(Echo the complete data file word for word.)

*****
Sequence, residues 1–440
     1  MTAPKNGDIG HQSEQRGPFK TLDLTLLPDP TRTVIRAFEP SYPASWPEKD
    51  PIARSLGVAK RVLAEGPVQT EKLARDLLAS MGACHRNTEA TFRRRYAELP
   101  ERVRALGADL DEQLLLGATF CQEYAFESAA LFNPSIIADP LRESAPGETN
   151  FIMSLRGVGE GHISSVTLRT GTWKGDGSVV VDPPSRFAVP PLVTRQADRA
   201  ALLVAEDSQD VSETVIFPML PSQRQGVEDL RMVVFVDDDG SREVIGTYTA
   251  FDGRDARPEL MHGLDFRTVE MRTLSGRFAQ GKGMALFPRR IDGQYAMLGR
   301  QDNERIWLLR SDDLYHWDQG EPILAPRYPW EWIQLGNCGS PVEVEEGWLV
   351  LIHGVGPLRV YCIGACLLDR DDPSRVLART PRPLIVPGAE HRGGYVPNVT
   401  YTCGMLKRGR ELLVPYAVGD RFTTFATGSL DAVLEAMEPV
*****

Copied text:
Sequence, residues 1–440
     1  MTAPKNGDIG HQSEQRGPFK TLDLTLLPDP TRTVIRAFEP SYPASWPEKD
    51  PIARSLGVAK RVLAEGPVQT EKLARDLLAS MGACHRNTEA TFRRRYAELP
   101  ERVRALGADL DEQLLLGATF CQEYAFESAA LFNPSIIADP LRESAPGETN
   151  FIMSLRGVGE GHISSVTLRT GTWKGDGSVV VDPPSRFAVP PLVTRQADRA
   201  ALLVAEDSQD VSETVIFPML PSQRQGVEDL RMVVFVDDDG SREVIGTYTA
   251  FDGRDARPEL MHGLDFRTVE MRTLSGRFAQ GKGMALFPRR IDGQYAMLGR
   301  QDNERIWLLR SDDLYHWDQG EPILAPRYPW EWIQLGNCGS PVEVEEGWLV
   351  LIHGVGPLRV YCIGACLLDR DDPSRVLART PRPLIVPGAE HRGGYVPNVT
   401  YTCGMLKRGR ELLVPYAVGD RFTTFATGSL DAVLEAMEPV